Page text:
Editor’s note: This week we present three poems by a poet who left us far too soon. Bourgeon thanks Naomi Thiers for sharing these.

Med Star

Head spinning cockpit, propellers
bouncing off stars. Could use a little
more light tonight. I would invoke God
for this, and if it happened—by what power?
The Siamese homes and barricaded streets, the flesh
in the breath of many night crawlers. Acrobat aristocrats
have seen the tit in the sky run dry of milk. The winds
off course, the batons policemen twirl lost in the hail that
plummets and takes everything down with it. The screeching halt
and skid marks. The salvation of flesh without soul.
Dead on arrival and revived–the flesh now,
the soul will catch up. Pump the flesh. Get a pressure.
Keep the head in alignment. Check the pupils. Step back
for an x-ray breather. Guard the gonads. Get your ass where
your ass belongs, bent over a kingdom. Now do this day in
and day out, hands at high tide. Do this in remembrance of me.

No Code

I hasten to inform him or her
it is just as lucky to die, and I know it. – Walt Whitman

No time to think.
Running to a patient’s room.
One foot in. One foot out.
Heart beat at 40, then 30.
The sense of God
coming, the climax
of death drifting
out of reach.
Two souls feed on each other
while I change the sheets.

Flight to Juarez

One road crosses another,
divides the thick green silt bottom
of fir trees and marsh
into a map worn at the folds.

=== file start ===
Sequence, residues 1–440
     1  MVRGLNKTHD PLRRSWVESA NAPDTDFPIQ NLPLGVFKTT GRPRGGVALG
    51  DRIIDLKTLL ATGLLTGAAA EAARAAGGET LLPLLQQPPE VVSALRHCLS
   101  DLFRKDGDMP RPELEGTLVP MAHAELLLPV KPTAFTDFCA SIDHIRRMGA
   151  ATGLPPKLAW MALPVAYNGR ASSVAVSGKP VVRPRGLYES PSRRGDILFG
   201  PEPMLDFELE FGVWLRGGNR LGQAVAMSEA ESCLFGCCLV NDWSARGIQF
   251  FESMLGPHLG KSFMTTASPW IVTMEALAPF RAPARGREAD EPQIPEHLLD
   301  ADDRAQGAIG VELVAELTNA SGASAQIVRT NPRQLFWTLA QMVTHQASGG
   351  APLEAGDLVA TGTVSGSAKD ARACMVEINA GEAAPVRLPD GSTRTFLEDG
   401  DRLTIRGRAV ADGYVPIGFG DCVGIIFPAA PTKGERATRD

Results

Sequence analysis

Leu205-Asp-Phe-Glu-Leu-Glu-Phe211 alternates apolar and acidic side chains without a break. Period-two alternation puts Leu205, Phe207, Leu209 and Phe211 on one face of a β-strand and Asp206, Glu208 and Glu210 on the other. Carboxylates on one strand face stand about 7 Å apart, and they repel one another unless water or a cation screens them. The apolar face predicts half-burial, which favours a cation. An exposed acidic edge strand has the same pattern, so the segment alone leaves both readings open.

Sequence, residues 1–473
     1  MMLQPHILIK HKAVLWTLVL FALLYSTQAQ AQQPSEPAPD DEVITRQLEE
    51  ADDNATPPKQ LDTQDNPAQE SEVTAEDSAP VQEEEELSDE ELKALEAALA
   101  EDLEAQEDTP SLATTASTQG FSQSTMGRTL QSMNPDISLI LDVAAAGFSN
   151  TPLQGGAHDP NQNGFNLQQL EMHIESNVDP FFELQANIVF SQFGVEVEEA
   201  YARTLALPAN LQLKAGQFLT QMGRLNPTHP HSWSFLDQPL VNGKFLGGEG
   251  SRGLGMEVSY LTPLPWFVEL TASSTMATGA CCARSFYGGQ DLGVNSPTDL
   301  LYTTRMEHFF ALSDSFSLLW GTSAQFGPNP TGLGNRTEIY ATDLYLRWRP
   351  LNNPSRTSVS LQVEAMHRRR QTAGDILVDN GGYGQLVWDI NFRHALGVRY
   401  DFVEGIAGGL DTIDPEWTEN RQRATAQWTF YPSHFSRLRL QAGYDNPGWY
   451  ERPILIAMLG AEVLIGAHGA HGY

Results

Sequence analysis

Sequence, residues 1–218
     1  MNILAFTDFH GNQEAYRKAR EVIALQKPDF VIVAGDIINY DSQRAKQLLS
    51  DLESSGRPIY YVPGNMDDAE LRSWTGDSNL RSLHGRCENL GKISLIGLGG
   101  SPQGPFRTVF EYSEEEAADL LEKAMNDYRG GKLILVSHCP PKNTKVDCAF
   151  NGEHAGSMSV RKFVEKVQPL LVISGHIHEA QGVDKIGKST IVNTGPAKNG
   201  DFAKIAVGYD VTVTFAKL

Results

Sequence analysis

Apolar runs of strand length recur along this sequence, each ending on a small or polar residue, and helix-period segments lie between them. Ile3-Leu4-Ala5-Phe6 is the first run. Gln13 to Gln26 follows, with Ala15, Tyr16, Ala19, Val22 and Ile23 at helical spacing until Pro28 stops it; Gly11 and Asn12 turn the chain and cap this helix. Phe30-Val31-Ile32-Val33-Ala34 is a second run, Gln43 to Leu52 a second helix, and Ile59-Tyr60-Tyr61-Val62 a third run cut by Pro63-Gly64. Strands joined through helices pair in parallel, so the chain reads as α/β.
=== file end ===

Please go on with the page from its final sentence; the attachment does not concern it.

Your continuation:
In Tennessee,
every drop of the river
blends with water
as far away as Yellowstone.
I move in the direction of soil
worn from its banks.
How I will wish
for the order of things,
the square, plotted fields
one row after another,
rivers that feed the Mississippi
but keep enough
to flow on their own.
It is water
that teaches me
this route of survival:
to give away what I can live without.

 

Note from Naomi Thiers: Patty Summerhays was a talented poet who died from colon cancer in 2009. She was active in the poetry scene at George Mason University (where she edited Phoebe) and in Northern VA, as well as raising 2 sons. Patty was an intensive care nurse at Washington Hospital Center and did health care work in Mexico and Guatemala; she was a fighter for homeless people in Central America. Patty was a close friend of mine for many years; I’ll never stop enjoying “Med Star” and her other poems.

Image by Antonio de Bellis – Œuvre appartenant au Musée des Beaux-Arts de Lyon Photographe Mathilde Hospital, CC BY-SA 4.0, https://commons.wikimedia.org/w/index.php?curid=63459853

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